Matters seem to have come to a head over how explicit the issue of compensation was in the terms of the Statutory Inquiry. Bates did not think they were explicit enough, Howe and Co felt they were. Bates has since withdrawn the JFSA as a core participant to the Inquiry (but agreed to co-operate with it), leaving Howe and Co representing those Subpostmasters (many of them JFSA “members”) who wish to remain core participants.
Is that all clear? Good.
So what happened on Wednesday, then?
According to a briefing note sent to Howe and Co’s 146 Subpostmaster clients, the meeting was attended by BEIS officials and David Enright, Martin Howe and John Sheridan, all from Howe and Co. Mr Enright told the BEIS reps that Paul Scully had already said that the Bates v Post Office settlement:
“was “not equitable” (i.e. not fair).”
The note goes on to say:
“Mr Enright also reminded the BEIS representatives that the Minister had told the Committee that “[compensation of subpostmasters] is by far and away the most pressing issue in my list of responsibilities as minister”. Mr Enright stated that subpostmasters wanted the Minister’s words translated into deeds without further delay.”
“We advised that the legal and legal funding costs could simply be returned to Freeths LLP (solicitors who conducted the Group Litigation against Post Office). They, with the assistance of the JFSA Steering Committee, could distribute those monies efficiently. It is our view that Freeths and the JFSA Steering Committee would be best placed to distribute the legal and legal funding costs, if repaid, as they conducted the litigation and handled the distribution of the settlement funds in the first instance.”
It goes on:
“We emphasised that Howe + Co have not sought any monies from subpostmasters for our work in persuading the Department for Business and Post Office Limited to return the legal and legal funding costs to the claimants in the Group Litigation. However, we emphasised that it was a priority that these monies be returned to our clients and the other group litigants.”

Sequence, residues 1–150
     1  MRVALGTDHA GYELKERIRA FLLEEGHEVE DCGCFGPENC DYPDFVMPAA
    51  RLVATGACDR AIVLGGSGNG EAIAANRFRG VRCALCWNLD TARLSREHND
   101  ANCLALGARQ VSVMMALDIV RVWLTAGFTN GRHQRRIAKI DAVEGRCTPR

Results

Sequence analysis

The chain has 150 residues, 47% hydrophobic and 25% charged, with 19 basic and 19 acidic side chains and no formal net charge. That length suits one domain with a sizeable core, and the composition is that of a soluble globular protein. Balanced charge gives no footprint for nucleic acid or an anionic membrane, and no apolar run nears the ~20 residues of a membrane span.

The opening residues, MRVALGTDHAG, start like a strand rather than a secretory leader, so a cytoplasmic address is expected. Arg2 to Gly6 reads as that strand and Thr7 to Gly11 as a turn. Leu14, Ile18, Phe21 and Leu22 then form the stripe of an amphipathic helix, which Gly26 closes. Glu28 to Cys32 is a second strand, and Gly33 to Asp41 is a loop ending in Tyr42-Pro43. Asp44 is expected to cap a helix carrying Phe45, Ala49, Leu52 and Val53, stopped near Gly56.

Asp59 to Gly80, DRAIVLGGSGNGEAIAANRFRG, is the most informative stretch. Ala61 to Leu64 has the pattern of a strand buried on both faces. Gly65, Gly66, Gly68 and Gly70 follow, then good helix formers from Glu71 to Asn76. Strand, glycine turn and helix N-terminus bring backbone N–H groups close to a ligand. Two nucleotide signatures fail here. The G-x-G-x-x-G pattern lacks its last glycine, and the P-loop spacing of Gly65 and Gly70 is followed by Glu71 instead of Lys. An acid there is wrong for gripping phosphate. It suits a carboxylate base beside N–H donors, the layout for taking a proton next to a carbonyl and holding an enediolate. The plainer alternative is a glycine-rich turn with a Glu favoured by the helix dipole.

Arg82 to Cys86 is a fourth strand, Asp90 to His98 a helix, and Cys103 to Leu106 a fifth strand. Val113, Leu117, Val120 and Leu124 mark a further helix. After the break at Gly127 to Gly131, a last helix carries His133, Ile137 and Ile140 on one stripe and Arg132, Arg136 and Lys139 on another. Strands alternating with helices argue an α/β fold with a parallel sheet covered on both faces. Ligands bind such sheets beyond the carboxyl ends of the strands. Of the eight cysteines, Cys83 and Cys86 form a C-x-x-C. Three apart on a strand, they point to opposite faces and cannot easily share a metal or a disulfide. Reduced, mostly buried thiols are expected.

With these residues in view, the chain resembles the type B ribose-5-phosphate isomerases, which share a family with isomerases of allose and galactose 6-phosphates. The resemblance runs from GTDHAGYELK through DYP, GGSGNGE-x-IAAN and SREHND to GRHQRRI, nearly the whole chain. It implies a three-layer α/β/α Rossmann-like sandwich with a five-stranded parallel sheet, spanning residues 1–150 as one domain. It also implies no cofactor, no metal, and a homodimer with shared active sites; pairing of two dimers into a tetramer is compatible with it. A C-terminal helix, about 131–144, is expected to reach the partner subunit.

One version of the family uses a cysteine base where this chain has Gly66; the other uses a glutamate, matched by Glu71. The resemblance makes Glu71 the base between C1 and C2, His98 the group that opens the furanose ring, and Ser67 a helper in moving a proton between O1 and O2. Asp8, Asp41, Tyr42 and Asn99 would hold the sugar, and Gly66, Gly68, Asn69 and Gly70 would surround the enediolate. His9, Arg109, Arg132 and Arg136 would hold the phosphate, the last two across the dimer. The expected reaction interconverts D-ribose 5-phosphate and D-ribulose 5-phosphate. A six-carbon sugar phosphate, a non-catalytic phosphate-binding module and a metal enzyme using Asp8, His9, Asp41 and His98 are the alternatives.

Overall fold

Unfortunately the BEIS mandarins listening to this did not have any authority to make any agreement with Howe and Co over compensating their clients. So what now? The note continues:
“Following the meeting, we briefed the Steering Committee of the JFSA on the outcome of the meeting. We also briefed Freeths [the claimants’ solicitors in Bates v Post Office] of the conduct and outcome of that meeting, who were grateful for the work we had done on this vital issue. We understand that Freeths and the Steering Committee of the JFSA will be meeting the BEIS officials that we met with in the near future.”
Now that is interesting. The Howe and Co brieing note concludes:
“We have done all we can to lay the groundwork for that further meeting and to create a positive attitude from BEIS and the Minister in taking what will be a highly unusual step of effectively re-opening a full and final settlement where BEIS understands costs were provided for within the settlement agreement. It will now be for the Steering Committee of JFSA and Freeths to provide BEIS with information and assurances to build on the groundwork we have done to secure repayment of part or whole of the legal and funding costs for the 555.”
Cynically speaking, you could say that it has taken two years and huge amounts of energy on the part of dozens of parliamentarians, campaigners and lawyers to get to the point where unelected government mandarins with no authority to make decisions have finally indicated they are willing to have a meeting with Alan Bates and Kay Linnell, and… er… that’s it.
On the other hand, it does seem as if some serious and well-informed people believe that things are progressing in the right direction.
Alan Bates has already announced he is looking for new legal representatives to sue the government (“we have an open contract available to any law firm that wants to pick up our case to have the settlement agreement set aside”), and it may be the mere threat of this is enough to keep officials talking.
Even if the government think they have a watertight case, it wouldn’t exactly look great if they decided they were going to let things go back to the High Court, this time in the full glare of the UK’s media.